Les Squires said the musician, who was in his early 80s, died in Basildon Hospital in Essex at 7.30am.
He said: "He had been in and out of hospital recently but sadly this time he did not come out, but he was playing to the end."
Mr Squires said Ball was survived by his partner and his son, Keith, who had joined his father on stage playing with his group The Jazzmen.
He said the musician had continued to perform, having left hospital to play a gig in Germany at the end of January, before being re-admitted.
Ball, who lived in Essex, found fame in the early 1960s with a string of trad jazz hits including Midnight In Moscow which got to number two in the charts on 1961.
The track, which was also a hit in the United States, sold more than one million copies around the world.
He became a well-known face on TV with his band featuring regularly on light entertainment shows. They made numerous appearances on the Morecambe And Wise Show and went on to become the resident band on the popular BBC1 series Saturday Night At The Mill, which was broadcast from Birmingham's Pebble Mill studios.
He achieved his biggest hit with Midnight In Moscow - effectively his signature tune - but other top 10 hits in the early 1960s were March Of The Siamese Children, The Green Leaves Of Summer and Sukiyaki.
Ball was born in Ilford and, after working as a clerk in an advertising agency in his teens, he began to take music lessons.
His early musical career saw him playing in other people's bands, but he went on to form a combo of his own in 1958.
He consciously moved away from the trad jazz repertoire which was experiencing a revival of interest as he launched his band, and he stamped his mark on numerous tunes over the years including tracks such as When I'm Sixty-Four.
Ball recorded and performed for more than half a century, playing around the world and continuing to be one of the UK's best know jazz trumpeters. He often clocked up in excess of 150 shows a year with his group, The Jazzmen.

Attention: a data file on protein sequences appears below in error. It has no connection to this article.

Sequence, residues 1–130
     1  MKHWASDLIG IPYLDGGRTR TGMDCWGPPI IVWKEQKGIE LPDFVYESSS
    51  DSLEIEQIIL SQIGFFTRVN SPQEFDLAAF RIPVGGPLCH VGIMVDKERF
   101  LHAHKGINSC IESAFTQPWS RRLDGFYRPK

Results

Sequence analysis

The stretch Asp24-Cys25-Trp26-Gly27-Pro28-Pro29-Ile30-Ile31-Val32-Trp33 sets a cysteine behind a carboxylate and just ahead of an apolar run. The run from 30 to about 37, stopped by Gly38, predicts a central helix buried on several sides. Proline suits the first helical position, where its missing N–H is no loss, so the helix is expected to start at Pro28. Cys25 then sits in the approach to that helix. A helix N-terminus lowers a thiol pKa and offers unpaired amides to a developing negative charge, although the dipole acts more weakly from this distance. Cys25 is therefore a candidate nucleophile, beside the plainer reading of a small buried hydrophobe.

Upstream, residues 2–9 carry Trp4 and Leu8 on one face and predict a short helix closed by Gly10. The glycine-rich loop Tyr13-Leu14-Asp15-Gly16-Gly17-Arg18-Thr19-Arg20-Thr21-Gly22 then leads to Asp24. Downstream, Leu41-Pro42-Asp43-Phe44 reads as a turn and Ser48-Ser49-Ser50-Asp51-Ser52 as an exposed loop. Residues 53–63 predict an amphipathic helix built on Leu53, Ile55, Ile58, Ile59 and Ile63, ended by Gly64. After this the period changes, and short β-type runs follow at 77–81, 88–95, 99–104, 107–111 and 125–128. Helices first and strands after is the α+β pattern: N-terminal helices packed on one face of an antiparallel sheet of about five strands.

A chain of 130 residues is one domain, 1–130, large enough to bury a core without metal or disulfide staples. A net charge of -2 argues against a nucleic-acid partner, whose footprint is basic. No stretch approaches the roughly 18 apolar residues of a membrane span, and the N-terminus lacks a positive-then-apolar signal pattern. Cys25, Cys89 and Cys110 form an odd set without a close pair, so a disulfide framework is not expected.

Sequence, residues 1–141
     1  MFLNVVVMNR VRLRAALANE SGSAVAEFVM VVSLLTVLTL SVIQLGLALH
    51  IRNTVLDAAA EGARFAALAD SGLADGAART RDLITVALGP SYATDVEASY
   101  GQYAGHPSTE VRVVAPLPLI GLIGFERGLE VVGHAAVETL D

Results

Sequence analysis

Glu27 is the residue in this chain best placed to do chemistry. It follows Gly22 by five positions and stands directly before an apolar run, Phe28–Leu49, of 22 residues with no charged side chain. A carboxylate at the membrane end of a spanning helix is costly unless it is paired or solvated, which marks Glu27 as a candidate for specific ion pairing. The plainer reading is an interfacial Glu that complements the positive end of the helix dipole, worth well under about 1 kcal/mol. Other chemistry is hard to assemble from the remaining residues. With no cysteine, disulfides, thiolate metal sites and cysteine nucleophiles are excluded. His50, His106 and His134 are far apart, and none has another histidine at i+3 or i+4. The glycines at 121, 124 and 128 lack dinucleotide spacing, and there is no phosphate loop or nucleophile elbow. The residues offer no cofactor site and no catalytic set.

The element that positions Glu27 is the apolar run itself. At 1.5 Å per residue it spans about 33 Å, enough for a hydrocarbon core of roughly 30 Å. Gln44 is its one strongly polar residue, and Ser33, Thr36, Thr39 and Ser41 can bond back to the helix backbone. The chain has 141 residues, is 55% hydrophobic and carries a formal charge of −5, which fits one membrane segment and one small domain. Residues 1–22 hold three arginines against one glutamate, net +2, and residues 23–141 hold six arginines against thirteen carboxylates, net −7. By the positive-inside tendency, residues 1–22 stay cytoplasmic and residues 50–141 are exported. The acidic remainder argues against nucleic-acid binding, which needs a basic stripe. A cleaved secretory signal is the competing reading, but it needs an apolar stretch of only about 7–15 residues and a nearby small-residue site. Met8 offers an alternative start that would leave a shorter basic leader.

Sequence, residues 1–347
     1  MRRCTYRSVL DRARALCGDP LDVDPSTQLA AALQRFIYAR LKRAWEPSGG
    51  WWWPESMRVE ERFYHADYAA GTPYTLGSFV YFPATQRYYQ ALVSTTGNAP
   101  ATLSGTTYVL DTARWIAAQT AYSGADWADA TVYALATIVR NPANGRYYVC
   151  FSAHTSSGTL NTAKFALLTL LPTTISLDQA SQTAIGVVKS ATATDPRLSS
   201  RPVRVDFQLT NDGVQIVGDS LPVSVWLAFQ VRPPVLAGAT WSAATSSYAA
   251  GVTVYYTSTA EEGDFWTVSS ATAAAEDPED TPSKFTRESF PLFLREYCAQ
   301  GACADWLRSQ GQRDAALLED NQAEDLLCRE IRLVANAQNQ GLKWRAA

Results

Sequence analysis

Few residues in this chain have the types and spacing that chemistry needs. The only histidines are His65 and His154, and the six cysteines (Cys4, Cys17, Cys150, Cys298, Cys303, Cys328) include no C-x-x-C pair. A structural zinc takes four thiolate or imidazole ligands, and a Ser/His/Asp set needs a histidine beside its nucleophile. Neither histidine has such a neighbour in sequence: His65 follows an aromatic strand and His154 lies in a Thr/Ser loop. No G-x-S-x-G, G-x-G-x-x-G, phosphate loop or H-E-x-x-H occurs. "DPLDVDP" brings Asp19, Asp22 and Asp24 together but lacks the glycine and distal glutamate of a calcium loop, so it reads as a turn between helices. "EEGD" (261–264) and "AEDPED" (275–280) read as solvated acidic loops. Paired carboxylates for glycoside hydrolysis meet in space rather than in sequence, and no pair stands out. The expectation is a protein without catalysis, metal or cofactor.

He would regularly share a stage with other British jazz legends such as John Dankworth, George Melly and Humphrey Lyttelton. And he toured with trumpeter Louis Armstrong, one of the pioneers of jazz, during the late 1960s.
Ball - who had a distinctive and well-groomed moustache and goatee - famously performed at the wedding reception for Prince Charles and Lady Diana Spencer at Buckingham Palace in 1981.
Broadcaster Alyn Shipton, presenter of BBC Radio 3's Jazz Record Requests, paid tribute to Ball today, saying: "Britain has lost one its most charismatic bandleaders, and a figurehead of the trad movement."
He went on: "With his ready grin, mop-haired appearance and upbeat singing and playing, Kenny Ball was one of the most extrovert and cheery figures in British entertainment.
"His chart-topping hits of the 1960s brought jazz to a huge audience, and he was a dazzlingly accomplished trumpeter, with one of the most developed techniques in jazz.
"Amid the bravura cadenzas were subtleties that passed many of his audience by, such as playing complex solos in unison with his clarinettist, and his high note range seemed so effortless that he made light of its difficulty."
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